At yesterday’s fiscal cliff campaign stop in Redford, Michigan, President Obama delivered these remarks and hammered away at his “balanced” plan to avert the fiscal cliff. Balance, as defined in the President’s plan, consists of $4 in tax increases up front for every $1 in loosely defined spending cuts promised down the road. The balance scale at the White House, it seems, needs to be recalibrated.
Obama’s plan misses a crucial point: Washington does not have a problem of too little revenue. Its problem is too much spending. Though revenue has decreased during the recession, the nonpartisan Congressional Budget Office projects that revenues will return to their normal historical level once the economy fully recovers. Spending, however, is out of control. Instead of debating any variety of tax increases—hiking rates or limiting deductions—Congress and the President should be reducing spending. They can start with entitlement program reforms.
Raising taxes on more affluent Americans and businesses, as Obama’s plan would do, would not generate enough revenue to close our massive deficits. Doing so would require mathematically impossible tax rates. Any such attempt would also seriously hurt the economy and jeopardize job creation.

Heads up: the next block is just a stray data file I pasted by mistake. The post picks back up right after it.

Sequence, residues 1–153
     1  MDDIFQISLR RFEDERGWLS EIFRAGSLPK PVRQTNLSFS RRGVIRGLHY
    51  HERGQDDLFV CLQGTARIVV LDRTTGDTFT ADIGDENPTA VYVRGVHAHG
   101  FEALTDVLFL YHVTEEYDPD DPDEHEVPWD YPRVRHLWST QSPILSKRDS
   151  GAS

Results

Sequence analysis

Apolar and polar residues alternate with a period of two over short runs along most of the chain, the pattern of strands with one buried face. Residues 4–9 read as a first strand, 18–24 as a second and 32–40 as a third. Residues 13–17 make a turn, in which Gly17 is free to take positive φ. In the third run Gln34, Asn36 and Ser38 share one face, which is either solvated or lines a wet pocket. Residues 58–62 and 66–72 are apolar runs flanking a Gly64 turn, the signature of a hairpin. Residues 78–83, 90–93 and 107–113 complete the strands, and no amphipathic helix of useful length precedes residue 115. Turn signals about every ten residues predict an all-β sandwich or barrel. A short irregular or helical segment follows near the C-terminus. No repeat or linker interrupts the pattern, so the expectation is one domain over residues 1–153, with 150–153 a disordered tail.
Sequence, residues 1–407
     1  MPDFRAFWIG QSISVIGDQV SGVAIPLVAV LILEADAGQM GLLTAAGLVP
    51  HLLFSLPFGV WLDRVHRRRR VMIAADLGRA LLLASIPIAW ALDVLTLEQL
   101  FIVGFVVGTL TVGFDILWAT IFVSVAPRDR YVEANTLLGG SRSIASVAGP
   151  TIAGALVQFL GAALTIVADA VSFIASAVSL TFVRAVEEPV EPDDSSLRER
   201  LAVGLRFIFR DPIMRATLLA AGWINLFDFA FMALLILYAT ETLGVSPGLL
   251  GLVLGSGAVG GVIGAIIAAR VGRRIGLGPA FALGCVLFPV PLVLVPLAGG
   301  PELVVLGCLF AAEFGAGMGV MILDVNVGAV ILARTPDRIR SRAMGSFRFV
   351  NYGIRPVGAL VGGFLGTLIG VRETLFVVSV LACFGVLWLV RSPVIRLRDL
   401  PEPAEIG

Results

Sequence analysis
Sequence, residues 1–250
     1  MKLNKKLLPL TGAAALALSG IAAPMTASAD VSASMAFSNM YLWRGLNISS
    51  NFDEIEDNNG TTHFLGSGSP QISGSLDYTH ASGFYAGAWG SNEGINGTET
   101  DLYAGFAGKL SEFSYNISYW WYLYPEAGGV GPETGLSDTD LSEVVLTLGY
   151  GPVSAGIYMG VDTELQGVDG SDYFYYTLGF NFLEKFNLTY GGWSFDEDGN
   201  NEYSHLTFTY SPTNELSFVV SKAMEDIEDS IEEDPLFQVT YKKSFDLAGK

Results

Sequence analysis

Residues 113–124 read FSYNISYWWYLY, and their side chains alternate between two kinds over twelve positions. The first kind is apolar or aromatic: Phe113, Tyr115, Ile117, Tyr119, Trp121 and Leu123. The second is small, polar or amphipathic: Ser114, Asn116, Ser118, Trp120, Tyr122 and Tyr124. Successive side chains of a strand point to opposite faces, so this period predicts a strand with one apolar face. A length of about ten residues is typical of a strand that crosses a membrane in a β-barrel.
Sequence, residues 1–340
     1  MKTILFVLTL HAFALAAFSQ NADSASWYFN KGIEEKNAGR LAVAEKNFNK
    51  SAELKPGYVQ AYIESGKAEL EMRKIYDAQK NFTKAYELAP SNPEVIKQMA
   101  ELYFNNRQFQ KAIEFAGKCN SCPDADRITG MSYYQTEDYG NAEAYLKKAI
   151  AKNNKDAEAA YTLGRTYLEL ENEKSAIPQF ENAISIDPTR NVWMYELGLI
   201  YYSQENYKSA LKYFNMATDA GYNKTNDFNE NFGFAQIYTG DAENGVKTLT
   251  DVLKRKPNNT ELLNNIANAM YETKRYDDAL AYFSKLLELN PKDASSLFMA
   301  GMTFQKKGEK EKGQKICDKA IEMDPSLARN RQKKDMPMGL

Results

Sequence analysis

What if you stretched Obama’s version of balance a bit further, though, and let all current tax policy expire? Such massive tax increases—ignoring the certain economic damage that would occur—would STILL not balance the budget. Entitlement program spending would continue to rise dramatically, soaking up all available revenue and driving deficits deeper. (continues below chart)
Not even Obama is proposing this idea outright, but by virtue of Obama’s insistence on tax increases and unblushing silence on entitlement program reforms, he is leading the nation down this path.
A responsible solution exists to avoid the fiscal cliff without harming the economy. Bipartisan entitlement program reforms also exist that can begin to solve the country’s real fiscal crisis. President Obama insists on taxing his way to prosperity, dealing a blow to capital, investments, and small businesses. The only trouble is that he’s forgetting—or ignoring—that spending is the problem.
Source material can be found at this site.